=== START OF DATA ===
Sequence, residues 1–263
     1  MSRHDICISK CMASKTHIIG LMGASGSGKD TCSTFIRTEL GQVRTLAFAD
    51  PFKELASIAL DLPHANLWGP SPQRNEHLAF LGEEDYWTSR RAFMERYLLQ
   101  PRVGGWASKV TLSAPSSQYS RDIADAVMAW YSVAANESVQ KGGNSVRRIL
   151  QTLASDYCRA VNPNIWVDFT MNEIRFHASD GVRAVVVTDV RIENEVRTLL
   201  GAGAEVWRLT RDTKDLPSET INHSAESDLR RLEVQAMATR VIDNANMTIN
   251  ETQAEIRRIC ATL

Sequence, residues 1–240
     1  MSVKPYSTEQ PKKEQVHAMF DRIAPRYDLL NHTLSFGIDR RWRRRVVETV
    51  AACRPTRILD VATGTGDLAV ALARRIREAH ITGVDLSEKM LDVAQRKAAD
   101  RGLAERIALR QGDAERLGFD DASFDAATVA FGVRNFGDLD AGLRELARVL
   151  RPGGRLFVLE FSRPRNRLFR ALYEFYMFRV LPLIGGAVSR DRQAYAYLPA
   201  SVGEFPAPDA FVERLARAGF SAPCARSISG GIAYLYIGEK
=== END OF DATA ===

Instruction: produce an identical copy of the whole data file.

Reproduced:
Sequence, residues 1–263
     1  MSRHDICISK CMASKTHIIG LMGASGSGKD TCSTFIRTEL GQVRTLAFAD
    51  PFKELASIAL DLPHANLWGP SPQRNEHLAF LGEEDYWTSR RAFMERYLLQ
   101  PRVGGWASKV TLSAPSSQYS RDIADAVMAW YSVAANESVQ KGGNSVRRIL
   151  QTLASDYCRA VNPNIWVDFT MNEIRFHASD GVRAVVVTDV RIENEVRTLL
   201  GAGAEVWRLT RDTKDLPSET INHSAESDLR RLEVQAMATR VIDNANMTIN
   251  ETQAEIRRIC ATL

Sequence, residues 1–240
     1  MSVKPYSTEQ PKKEQVHAMF DRIAPRYDLL NHTLSFGIDR RWRRRVVETV
    51  AACRPTRILD VATGTGDLAV ALARRIREAH ITGVDLSEKM LDVAQRKAAD
   101  RGLAERIALR QGDAERLGFD DASFDAATVA FGVRNFGDLD AGLRELARVL
   151  RPGGRLFVLE FSRPRNRLFR ALYEFYMFRV LPLIGGAVSR DRQAYAYLPA
   201  SVGEFPAPDA FVERLARAGF SAPCARSISG GIAYLYIGEK